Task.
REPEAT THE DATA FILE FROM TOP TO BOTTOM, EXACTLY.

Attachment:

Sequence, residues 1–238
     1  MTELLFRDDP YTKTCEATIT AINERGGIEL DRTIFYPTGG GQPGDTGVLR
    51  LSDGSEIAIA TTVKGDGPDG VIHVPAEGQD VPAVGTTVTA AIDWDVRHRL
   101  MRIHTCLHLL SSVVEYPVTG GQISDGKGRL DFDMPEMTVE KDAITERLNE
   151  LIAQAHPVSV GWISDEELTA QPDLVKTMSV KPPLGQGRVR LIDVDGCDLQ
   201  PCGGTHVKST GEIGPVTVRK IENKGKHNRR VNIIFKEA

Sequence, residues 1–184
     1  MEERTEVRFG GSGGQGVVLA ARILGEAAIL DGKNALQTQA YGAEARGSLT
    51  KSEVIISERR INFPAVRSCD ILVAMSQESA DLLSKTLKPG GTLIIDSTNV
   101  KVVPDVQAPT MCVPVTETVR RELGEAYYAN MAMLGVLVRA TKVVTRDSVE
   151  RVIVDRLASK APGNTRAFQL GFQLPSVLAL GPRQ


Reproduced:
Sequence, residues 1–238
     1  MTELLFRDDP YTKTCEATIT AINERGGIEL DRTIFYPTGG GQPGDTGVLR
    51  LSDGSEIAIA TTVKGDGPDG VIHVPAEGQD VPAVGTTVTA AIDWDVRHRL
   101  MRIHTCLHLL SSVVEYPVTG GQISDGKGRL DFDMPEMTVE KDAITERLNE
   151  LIAQAHPVSV GWISDEELTA QPDLVKTMSV KPPLGQGRVR LIDVDGCDLQ
   201  PCGGTHVKST GEIGPVTVRK IENKGKHNRR VNIIFKEA

Sequence, residues 1–184
     1  MEERTEVRFG GSGGQGVVLA ARILGEAAIL DGKNALQTQA YGAEARGSLT
    51  KSEVIISERR INFPAVRSCD ILVAMSQESA DLLSKTLKPG GTLIIDSTNV
   101  KVVPDVQAPT MCVPVTETVR RELGEAYYAN MAMLGVLVRA TKVVTRDSVE
   151  RVIVDRLASK APGNTRAFQL GFQLPSVLAL GPRQ